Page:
(6/10) — 23:30 PDT — LOS ANGELES — Opening statements were presented in a Los Angeles courtroom Thursday morning in the historic second-degree murder trial of former BART Police Officer Johannes Mehserle, who shot unarmed BART passenger Oscar Grant on New Year’s Day 2009.
The trial marks the first time an police officer in California has been tried for murder for a killing committed while on duty.
Alameda County Deputy District Attorney David Stein, the prosecutor in the case, argued in his opening statement that Mehserle intended to shoot Grant. He also said that, contrary to defense assertions that Mehserle mistook his gun for his Taser, Mehserle knew the difference between the two weapons.
Stein presented several videos of the shooting captured by passengers who were present at the Fruitvale BART station that night to the jury. He also showed videos compiled by the District Attorney’s Office which demonstrate the differences between drawing a gun and a Taser.
“[The gun] only comes out when you want it to come out,” Stein said, explaining the various fasteners one must undo to release a gun from its holster.
Stein said it was emotion and police aggression that caused Mehserle to purposefully draw his gun, point it at Grant and fire a single shot into his back.
“There is an emotional as well as physical component to every arrest,” Stein said. “When that emotional component is not held in check, bad things happen.”
For much of his statement, Stein focused on former BART Police Officer Tony Pirone, whom witnesses say acted aggressively that night and was both physically and verbally abusive to Grant and his friends.
“What happens when an officer or group of officers think their duty is other than to protect and serve? […] When they think they have a right to abuse who they come into contact with?” Stein said. “The result will always be chaos, distrust and disorder.”
Stein said Mehserle and Pirone had a close, “big brother” type of relationship and that the senior officer had been a mentor to Mehserle.
In his opening statement, defense attorney Michael Rains agreed that passengers that night “were unhappy with the actions of Officer Pirone.” But “Mehserle is on trial, not Pirone,” he said.
His client, Rains said, was only on the platform for two and a half minutes before the shooting.
Rains said that, while Grant’s killing was tragic, Mehserle did not intend to shoot and kill him and is already paying for his actions, if not behind bars.
Rains said he would present evidence that some of Grant’s friends heard Mehserle shout “I can’t get his hands, I’m going to Tase him” just before he shot Grant.
“For the rest of his life he will be trapped in a wretched prison of his vivid and painful memories” of that night, Rains said.
The 28-year-old, who was born in Germany before moving to the United States at the age of four, wanted to study computer programming before changing his mind in college and enrolling in a police academy, Rains said.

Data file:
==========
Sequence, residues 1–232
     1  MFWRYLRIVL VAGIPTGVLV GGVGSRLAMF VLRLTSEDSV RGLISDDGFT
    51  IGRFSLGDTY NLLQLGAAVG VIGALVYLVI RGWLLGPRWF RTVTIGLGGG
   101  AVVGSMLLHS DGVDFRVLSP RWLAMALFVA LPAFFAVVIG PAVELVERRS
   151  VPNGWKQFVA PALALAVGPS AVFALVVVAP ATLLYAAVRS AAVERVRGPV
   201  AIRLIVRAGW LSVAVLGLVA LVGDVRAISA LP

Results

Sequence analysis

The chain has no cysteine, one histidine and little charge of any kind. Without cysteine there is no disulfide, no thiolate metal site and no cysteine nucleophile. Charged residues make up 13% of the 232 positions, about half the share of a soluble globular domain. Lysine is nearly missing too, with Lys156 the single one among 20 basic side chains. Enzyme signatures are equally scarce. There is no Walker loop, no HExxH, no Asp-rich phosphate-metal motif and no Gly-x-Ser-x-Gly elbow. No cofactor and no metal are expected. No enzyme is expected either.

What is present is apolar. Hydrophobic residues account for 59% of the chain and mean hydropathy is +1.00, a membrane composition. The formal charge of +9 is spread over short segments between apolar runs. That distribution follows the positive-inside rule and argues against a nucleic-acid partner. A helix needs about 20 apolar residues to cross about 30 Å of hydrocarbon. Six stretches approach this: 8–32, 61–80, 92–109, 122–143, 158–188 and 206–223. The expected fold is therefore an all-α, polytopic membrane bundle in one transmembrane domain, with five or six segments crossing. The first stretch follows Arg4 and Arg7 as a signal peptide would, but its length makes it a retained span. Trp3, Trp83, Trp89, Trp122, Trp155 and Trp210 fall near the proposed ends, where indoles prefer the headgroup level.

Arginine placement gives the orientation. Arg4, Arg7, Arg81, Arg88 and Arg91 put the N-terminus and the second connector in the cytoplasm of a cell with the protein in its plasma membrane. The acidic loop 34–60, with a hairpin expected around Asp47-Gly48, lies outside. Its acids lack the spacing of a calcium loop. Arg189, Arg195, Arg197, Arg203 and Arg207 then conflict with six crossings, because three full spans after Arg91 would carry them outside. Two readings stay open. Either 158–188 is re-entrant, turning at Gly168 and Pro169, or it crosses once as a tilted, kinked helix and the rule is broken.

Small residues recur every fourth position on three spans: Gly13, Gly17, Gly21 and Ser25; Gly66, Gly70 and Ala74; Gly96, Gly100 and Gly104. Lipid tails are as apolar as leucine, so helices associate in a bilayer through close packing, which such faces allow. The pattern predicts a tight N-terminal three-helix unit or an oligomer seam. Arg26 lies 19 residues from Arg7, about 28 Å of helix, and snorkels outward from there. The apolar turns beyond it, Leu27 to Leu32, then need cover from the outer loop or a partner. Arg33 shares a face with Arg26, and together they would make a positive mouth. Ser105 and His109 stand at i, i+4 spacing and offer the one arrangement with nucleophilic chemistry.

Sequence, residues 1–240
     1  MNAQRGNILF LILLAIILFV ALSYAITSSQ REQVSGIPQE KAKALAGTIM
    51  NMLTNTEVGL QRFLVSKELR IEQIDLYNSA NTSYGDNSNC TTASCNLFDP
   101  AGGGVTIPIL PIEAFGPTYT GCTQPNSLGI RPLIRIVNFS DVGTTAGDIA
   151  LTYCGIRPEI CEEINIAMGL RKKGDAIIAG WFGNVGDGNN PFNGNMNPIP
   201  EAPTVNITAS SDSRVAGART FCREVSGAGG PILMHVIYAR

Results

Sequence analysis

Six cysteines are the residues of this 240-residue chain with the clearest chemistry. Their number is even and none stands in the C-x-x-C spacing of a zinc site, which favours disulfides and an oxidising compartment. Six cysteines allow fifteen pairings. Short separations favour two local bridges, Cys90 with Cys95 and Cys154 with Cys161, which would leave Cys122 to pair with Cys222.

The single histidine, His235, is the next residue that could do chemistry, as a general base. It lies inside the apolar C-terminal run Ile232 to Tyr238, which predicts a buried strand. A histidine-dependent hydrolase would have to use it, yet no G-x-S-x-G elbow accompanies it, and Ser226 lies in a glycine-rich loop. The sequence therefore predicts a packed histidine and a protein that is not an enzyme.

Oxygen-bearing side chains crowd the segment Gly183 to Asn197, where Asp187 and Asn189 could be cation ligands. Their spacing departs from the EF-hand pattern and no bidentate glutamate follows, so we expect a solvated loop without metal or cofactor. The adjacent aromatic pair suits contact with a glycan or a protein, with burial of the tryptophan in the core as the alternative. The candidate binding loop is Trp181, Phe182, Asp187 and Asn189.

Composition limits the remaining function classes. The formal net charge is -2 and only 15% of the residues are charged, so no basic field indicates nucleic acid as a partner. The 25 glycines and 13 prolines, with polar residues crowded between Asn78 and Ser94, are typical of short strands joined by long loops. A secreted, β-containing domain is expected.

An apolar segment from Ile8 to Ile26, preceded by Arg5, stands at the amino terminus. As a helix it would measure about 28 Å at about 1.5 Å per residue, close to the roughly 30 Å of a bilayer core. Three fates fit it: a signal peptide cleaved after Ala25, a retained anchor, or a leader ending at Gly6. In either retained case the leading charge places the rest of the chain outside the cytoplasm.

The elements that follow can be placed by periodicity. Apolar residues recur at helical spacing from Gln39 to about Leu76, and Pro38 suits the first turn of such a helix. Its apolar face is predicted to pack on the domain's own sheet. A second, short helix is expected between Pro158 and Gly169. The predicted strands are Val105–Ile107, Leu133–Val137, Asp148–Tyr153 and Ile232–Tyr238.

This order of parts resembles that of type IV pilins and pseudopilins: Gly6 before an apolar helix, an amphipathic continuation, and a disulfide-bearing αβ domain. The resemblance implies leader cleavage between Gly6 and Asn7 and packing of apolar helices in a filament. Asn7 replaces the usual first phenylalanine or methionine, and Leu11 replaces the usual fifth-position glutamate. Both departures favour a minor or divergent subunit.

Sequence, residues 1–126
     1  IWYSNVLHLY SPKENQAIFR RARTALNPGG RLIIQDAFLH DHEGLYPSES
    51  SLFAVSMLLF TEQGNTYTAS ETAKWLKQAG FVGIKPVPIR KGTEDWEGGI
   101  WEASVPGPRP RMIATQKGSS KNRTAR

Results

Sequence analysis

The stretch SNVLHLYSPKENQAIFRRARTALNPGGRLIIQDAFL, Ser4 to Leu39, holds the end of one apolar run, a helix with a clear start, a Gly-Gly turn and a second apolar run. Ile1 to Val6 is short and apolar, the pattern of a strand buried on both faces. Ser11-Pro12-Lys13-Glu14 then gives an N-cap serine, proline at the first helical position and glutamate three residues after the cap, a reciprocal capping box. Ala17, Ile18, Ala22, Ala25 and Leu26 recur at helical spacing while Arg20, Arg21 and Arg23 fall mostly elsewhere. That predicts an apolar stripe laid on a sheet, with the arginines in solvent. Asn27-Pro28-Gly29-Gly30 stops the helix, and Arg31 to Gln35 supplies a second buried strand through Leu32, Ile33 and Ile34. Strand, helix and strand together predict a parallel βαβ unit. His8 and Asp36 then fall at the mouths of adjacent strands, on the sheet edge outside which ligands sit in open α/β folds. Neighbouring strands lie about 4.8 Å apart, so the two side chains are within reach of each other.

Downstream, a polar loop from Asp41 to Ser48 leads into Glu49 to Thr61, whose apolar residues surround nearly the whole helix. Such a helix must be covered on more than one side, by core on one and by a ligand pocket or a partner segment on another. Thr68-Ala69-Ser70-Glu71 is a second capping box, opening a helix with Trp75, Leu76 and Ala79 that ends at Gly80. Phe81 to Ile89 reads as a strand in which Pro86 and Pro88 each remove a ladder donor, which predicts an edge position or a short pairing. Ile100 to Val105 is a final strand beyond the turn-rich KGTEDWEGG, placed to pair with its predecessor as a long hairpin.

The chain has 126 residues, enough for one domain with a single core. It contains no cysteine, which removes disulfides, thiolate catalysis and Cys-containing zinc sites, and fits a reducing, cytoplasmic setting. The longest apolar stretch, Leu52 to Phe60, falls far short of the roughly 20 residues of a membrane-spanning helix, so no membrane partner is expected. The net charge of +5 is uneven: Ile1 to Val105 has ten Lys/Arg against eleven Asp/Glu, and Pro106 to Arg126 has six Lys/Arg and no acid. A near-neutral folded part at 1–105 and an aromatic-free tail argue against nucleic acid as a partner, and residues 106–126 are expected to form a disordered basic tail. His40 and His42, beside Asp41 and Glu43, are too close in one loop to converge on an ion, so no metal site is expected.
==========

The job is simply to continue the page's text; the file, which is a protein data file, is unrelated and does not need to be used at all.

Rains asserted that the six hours of instruction in Taser use that BART gave Mehserle was insufficient, but said he had extensive training in using firearms. Mehserle spent countless hours at the Napa Police Academy, where he first learned how to use firearms, practicing the use of his gun, Rains said.
Sides clash on whether Grant resisted arrest
“Oscar Grant was not resisting. He was in the process of putting his hands behind his back” at the time of the shooting, Stein said. He argued that Grant and his friends were cooperative and that BART Police officers used excessive force throughout the incident.
Rains said while the prosecution believes that the videos demonstrate that Grant was not resisting arrest, he will argue the footage actually shows Grant “actively resisting arrest”.
He said Mehserle and Grant wrestled on the ground for 12 seconds before the shooting occurred and said the young men had acted aggressively toward the officers.
“Punches were being thrown by a lot of different people,” Rains said.
Grant’s mother Wanda Johnson, who left the courtroom shaking her head after Rains’ statement, said the allegations were completely false.
“The police didn’t have one report that those boys did all of that,” she told the Beat.
Witnesses describe “commotion”
Witness testimony began during the afternoon session with Vicki Long, a video technician from the Alameda County D.A.’s office, who described the process of enhancing the videos recorded by bystanders that night.
She was followed by Margarita Carazo and Karina Vargas, two witnesses who captured the events leading up to the shooting on video. Stein had each witness review clips of the footage they had captured.
Vargas told jurors she was compelled to begin recording the encounter between police and Grant because she believed Pirone was acting inappropriately.
Pirone was “using foul language,” and his “aggressiveness compelled me to record,” she said.
Carazo said when the doors of the BART train opened that night, she saw a “commotion with the cops and the people on the platform.”
More video of the incident is expected to be shown in court Friday.
Juror removed from panel
In a surprise move before opening statements even began, a young Hispanic woman was dismissed from the jury “for cause” after the prosecution and defense conferred in private with Judge Robert Perry. No public explanation was given, and an older Hispanic woman replaced her.
The final jury was seated Tuesday in a quick selection process. There are eight women and four men on the jury. No African Americans are seated on the panel.
The trial has been moved to Los Angeles due to concerns over whether a jury without preconceived notions of the case could be found in the Bay Area, given the intense publicity the case has received. It is expected to last two to four weeks.
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